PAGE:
* Clinton's summit targets job creation
* Clinton urges banks, pensions to invest "green"
(Refiles to drop extraneous bullet point)
By Michelle Nichols
NEW YORK, Sept 20 Investments in energy-saving
building retrofits and clean-energy projects can create
hundreds of thousands of jobs and bolster the U.S. economy,
former U.S. President Bill Clinton said on Tuesday.
More than 1,200 people, including more than 50 heads of
state such as U.S. President Barack Obama, business leaders,
humanitarians and celebrities were due to attend the seventh
annual Clinton Global Initiative that began on Tuesday.
With the United States possibly on the brink of another
recession and the unemployment rate at more than 9 percent,
Clinton trumpeted a pledge by the AFL-CIO labor federation and
the American Federation of Teachers to reinvest $10 billion
over the next five years in energy-efficient infrastructure.
"This is a huge deal. This could be done not just in the
United States but in every European country, in every wealthy
Asian country. This system will work and you get guaranteed
savings," Clinton told attendees during the opening session.
The unions have worked with state treasurers and pension
funds associated with labor to make the green investments. For
example, two of the largest U.S. public pension funds,
California's CalPERS and CalSTERS, have allocated over $1.1
billion to the effort.
Aside from clean-energy projects such as wind and solar
power, Clinton said pension funds and banks should invest in
giving green make-overs to buildings, from hospitals and
schools to government buildings. The cost of retrofitting would
be paid back by the monthly savings in energy costs, he said.
In cities such as London and New York, buildings are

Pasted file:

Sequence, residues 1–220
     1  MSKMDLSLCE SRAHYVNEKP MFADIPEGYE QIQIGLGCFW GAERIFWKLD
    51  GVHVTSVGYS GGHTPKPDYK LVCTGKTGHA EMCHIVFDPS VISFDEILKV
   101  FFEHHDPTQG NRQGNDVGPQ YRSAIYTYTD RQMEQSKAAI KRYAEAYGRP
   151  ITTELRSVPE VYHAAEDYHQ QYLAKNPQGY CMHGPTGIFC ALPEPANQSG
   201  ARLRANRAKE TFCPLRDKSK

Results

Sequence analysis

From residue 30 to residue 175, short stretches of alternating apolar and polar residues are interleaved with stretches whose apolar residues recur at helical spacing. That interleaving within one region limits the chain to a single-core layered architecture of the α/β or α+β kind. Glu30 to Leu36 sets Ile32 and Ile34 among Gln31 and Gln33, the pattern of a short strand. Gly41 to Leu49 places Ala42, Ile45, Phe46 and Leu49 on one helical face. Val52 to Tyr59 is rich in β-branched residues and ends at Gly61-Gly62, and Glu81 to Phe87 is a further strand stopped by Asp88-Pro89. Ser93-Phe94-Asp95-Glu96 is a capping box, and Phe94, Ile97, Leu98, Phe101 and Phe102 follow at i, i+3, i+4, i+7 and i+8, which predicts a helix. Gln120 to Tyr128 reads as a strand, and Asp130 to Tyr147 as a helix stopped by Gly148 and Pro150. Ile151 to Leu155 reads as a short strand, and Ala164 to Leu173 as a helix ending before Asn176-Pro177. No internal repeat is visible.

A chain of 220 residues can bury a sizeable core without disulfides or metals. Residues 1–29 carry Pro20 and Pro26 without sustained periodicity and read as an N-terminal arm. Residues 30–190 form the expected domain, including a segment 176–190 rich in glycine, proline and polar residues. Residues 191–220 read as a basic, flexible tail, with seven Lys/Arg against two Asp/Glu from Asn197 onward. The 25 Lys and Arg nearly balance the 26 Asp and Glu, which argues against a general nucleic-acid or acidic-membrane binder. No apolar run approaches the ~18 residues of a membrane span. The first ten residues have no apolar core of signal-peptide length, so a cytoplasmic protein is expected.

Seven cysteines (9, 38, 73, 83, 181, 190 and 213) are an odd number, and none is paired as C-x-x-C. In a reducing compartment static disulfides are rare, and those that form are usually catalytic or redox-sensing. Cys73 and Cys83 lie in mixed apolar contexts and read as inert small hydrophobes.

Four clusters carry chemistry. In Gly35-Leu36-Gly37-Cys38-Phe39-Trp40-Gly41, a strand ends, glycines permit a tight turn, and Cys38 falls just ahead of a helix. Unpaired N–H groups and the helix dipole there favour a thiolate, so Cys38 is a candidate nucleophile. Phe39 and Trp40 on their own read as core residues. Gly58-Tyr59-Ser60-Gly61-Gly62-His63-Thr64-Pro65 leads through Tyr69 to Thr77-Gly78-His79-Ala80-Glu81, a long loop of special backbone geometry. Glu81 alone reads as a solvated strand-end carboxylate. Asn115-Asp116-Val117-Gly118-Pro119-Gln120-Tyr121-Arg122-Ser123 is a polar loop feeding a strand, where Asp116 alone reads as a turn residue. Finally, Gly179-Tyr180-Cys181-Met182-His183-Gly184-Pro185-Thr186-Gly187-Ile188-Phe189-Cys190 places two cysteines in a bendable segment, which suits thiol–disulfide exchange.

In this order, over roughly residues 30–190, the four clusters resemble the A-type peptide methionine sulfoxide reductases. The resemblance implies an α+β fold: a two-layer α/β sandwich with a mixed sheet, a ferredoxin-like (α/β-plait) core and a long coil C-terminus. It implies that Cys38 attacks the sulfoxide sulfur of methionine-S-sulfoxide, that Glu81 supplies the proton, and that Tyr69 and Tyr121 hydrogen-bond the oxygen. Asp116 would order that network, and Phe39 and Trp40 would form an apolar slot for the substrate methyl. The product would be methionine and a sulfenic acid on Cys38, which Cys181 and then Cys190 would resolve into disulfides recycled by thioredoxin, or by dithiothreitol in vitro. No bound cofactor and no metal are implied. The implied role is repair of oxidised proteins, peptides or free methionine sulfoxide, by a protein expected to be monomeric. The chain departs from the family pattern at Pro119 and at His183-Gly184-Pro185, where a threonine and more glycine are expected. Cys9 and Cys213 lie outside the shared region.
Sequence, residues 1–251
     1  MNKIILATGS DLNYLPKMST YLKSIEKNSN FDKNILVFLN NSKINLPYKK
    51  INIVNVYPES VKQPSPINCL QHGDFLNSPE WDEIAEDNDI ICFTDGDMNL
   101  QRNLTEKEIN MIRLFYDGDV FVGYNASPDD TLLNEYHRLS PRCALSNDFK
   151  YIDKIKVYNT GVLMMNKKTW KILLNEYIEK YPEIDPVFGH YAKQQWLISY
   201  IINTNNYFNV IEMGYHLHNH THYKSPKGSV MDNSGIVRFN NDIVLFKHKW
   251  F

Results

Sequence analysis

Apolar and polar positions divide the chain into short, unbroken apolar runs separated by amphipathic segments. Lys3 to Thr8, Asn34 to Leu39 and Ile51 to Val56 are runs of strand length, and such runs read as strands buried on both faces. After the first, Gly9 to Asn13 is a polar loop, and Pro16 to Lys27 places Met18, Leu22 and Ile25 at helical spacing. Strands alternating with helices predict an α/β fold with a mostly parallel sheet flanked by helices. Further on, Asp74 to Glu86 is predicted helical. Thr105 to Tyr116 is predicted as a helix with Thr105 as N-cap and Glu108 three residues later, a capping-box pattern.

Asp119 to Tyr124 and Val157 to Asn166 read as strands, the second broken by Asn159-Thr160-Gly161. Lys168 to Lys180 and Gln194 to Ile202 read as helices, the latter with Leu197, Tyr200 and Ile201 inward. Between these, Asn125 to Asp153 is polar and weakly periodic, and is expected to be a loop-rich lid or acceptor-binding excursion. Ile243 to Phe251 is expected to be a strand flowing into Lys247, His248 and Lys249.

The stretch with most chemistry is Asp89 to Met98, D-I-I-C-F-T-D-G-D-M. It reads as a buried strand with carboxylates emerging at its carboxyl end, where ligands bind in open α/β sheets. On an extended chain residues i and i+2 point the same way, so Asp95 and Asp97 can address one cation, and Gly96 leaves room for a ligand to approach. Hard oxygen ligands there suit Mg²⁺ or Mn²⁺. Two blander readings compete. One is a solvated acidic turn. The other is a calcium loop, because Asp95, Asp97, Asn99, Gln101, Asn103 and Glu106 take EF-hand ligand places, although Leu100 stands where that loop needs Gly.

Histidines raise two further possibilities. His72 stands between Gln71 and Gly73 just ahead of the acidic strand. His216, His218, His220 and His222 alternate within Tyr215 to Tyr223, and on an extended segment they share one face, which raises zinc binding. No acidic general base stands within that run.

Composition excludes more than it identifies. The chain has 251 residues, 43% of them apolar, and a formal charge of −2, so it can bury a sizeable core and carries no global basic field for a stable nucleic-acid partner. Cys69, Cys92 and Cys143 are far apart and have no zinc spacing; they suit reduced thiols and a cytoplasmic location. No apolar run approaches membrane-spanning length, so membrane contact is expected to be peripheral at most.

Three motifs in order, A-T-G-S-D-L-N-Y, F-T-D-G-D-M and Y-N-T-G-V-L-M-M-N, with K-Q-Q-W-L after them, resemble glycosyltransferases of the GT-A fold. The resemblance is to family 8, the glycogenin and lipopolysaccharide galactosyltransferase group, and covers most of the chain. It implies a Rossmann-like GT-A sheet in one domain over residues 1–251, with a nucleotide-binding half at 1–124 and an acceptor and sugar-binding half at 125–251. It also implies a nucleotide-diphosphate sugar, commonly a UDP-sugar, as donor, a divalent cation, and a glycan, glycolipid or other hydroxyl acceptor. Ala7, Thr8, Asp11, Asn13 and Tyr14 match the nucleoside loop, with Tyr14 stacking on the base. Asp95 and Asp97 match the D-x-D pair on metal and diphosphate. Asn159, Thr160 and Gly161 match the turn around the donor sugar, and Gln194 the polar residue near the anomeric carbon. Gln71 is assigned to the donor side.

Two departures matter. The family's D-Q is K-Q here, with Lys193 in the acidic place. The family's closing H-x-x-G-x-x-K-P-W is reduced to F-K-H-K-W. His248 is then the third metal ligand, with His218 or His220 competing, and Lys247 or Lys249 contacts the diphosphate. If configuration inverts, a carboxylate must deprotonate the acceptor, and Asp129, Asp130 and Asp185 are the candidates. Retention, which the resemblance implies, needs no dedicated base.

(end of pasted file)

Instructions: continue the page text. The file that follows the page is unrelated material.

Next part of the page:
responsible for nearly 70 percent of greenhouse gas emissions.
Scientists say heat-trapping gases cause global warming, which
could cause deadly floods, droughts and heat waves.
"This (commitment) goes right at the biggest unemployment
problem we have in the United States, right at the
climate-change challenge and puts more disposable income into
the hands of people who will almost certainly spend it,"
John Podesta, president of the Center for American
Progress, which is helping implement the commitment by the
labor and teachers' unions, said that for every $1 billion
spent on infrastructure, about 18,000 jobs were created.
AMERICAN BANKS' SURPLUS CASH
Clinton said if American banks started investing some $2
trillion in cash they were sitting on, "we would have a million
jobs in no time."
"This is not rocket science," said Clinton, who began his
philanthropic initiative out of his frustration while president
between 1993 and 2001 at attending conferences that were more
talk than action.
In an effort to jump-start the stalled U.S. economy, Obama
introduced a $447 billion plan to create jobs earlier this
month. Job growth is crucial to Obama's re-election hopes next
year because he is being criticized for the stubbornly high
Slovenian President Danilo Turk said lessons could be
learned from Germany's investments.
"We have to follow Germany's example with an understanding
that the results will not come overnight, but that we have to
find the appropriate public funds for investment in
transformative technologies now," Turk said.
Germany now gets 20 percent of its power from renewable
sources such as wind and solar, and is on track for 35 percent
by 2020. It has created 250,000 jobs in renewable energy in
just a few years, Jeremy Rifkin, an adviser to German
Chancellor Angela Merkel told Reuters on Monday. [ID:n
To attend Clinton's summit, commitments must be made. If
pledges are not kept, attendees cannot return.
Since its inception, the Clinton Global Initiative has
yielded more than 2,000 pledges valued at more than $63
billion, which have improved the lives of more than 300 million
people in 180 countries, organizers say.
(Editing by Mark Egan and Peter Cooney)